March 22, 2019

Create an Ionic 4 PWA with Capacitor

by Ahmed Bouchefra

Create an Ionic 4 PWA with Capacitor

In this tutorial, we’ll learn to build a Progressive Web Application (PWA) with Ionic 4 and Capacitor.

A PWA is a web application similar to traditional web apps but provides extra features for users that were only available in native mobile apps like instant loading, add-to-home screen, splash screens, access to device capabilities, push notifications and offline support.

The term “Progressive” in Progressive Web Apps refers to how these apps provide web experiences which are reliable - by loading instantly regardless of network conditions - fast - by responding immediately and smoothly to every user interaction - and engaging - by providing an immersive and natural user experience.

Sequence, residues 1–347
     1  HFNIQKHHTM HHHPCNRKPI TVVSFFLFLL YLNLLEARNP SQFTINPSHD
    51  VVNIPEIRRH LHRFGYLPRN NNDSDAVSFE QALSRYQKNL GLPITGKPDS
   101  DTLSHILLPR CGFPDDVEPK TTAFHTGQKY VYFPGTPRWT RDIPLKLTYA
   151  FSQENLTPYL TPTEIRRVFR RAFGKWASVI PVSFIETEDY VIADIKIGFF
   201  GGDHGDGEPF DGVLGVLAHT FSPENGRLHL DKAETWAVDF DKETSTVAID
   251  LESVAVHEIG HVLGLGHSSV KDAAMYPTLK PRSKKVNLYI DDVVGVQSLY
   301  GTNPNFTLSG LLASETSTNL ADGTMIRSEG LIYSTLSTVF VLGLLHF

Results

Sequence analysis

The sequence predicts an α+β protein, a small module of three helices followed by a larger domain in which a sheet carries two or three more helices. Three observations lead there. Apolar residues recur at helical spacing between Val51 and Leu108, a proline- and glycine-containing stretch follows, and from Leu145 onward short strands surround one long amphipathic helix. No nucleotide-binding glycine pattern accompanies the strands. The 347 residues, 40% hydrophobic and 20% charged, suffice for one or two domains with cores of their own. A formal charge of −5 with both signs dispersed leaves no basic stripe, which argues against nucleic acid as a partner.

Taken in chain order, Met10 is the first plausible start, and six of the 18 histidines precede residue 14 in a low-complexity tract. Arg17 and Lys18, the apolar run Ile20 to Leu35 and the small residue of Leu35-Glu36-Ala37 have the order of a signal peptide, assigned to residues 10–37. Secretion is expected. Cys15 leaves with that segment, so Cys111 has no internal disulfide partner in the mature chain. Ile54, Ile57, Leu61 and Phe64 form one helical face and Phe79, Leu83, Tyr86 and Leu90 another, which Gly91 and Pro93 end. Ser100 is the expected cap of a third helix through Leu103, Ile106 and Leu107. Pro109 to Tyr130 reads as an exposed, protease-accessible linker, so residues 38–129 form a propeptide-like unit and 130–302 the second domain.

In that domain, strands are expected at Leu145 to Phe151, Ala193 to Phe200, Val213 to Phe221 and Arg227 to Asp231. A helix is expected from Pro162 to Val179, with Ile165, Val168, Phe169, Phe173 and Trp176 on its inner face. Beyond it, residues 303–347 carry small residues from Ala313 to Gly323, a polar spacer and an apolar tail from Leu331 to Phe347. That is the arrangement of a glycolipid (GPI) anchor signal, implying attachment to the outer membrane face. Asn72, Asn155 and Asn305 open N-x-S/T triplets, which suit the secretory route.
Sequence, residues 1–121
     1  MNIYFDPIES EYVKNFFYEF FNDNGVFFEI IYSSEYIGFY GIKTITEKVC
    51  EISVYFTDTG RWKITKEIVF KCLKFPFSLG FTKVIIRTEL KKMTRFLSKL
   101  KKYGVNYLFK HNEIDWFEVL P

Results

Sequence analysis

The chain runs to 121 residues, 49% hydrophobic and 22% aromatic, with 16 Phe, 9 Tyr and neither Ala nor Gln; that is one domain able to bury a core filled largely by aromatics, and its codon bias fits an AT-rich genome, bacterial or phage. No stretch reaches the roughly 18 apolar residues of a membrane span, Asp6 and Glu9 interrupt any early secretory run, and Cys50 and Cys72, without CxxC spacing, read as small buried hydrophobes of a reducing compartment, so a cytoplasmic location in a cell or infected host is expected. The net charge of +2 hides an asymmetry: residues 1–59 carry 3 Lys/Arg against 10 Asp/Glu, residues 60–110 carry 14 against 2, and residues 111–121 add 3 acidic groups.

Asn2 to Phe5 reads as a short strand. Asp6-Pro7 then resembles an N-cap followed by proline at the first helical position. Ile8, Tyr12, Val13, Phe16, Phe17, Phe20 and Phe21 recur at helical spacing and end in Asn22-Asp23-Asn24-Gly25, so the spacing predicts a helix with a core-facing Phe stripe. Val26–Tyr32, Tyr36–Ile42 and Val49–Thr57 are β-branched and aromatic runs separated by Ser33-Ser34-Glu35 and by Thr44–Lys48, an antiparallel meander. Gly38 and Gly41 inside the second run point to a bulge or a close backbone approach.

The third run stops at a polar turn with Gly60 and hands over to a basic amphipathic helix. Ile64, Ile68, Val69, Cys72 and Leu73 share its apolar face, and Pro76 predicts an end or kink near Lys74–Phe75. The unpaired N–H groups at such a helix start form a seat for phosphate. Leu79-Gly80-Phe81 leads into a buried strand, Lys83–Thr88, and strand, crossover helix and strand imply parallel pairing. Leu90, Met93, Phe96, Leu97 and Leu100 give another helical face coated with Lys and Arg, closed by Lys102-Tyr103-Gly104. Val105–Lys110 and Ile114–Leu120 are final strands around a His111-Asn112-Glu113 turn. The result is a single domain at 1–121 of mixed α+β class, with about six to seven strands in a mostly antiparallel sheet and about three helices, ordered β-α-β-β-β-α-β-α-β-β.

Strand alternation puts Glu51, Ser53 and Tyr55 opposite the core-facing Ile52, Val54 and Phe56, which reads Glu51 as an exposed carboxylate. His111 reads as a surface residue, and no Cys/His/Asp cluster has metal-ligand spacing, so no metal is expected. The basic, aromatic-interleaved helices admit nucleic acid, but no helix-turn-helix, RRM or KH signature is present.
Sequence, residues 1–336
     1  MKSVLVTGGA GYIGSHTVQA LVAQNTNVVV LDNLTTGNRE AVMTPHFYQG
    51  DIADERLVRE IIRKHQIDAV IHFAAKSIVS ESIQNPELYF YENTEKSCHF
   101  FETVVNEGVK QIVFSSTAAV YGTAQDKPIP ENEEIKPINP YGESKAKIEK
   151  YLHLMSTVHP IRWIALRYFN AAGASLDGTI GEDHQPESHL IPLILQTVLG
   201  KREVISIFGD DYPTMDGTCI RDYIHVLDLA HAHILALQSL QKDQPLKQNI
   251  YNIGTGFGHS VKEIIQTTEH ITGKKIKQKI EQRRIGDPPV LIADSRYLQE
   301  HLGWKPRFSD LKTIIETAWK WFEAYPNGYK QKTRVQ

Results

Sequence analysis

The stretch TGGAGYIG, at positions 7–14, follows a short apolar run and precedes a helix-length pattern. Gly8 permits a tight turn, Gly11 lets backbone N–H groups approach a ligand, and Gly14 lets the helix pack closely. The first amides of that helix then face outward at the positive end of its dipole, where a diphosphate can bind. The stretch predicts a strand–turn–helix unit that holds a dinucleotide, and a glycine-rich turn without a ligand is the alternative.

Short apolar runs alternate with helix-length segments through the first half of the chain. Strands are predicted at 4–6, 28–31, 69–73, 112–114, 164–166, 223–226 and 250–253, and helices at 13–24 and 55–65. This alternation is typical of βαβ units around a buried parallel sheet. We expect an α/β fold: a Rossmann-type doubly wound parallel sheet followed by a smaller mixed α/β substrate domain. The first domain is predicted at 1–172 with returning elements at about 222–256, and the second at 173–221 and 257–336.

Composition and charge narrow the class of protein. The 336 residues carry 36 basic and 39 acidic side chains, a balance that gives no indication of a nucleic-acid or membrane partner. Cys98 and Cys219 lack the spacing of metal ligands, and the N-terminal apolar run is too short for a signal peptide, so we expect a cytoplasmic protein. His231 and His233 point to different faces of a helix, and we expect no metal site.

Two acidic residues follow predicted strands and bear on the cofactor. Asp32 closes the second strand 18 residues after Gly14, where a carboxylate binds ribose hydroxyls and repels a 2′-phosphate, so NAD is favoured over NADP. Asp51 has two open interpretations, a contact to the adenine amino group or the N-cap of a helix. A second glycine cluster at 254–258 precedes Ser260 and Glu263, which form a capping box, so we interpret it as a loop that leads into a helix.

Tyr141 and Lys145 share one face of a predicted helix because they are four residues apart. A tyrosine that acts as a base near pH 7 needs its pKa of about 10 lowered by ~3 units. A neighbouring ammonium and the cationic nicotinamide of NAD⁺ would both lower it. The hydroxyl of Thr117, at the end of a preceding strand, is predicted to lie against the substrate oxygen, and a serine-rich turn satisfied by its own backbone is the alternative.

To achieve these demanding user experience primers, a PWA makes use of Service Workers for supporting features like instant loading and offline support so it needs to be securely served via HTTPS, as Service Workers only work under HTTPS connections. PWAs achieve support for all modern and old browsers, which is an important aspect of this kind of apps. Since they use modern features that might not be available in all browsers, PWAs make use of progressive enhancement which is using the feature when it’s available and use a fallback for browsers which don’t support it.

The application we'll be building is a simple JavaScript Jargon app that's based on the Simplified JavaScript Jargon available on GitHub. We'll export the entries as JSON data and we'll consume them from our PWA. We already created a statically generated JSON API available here.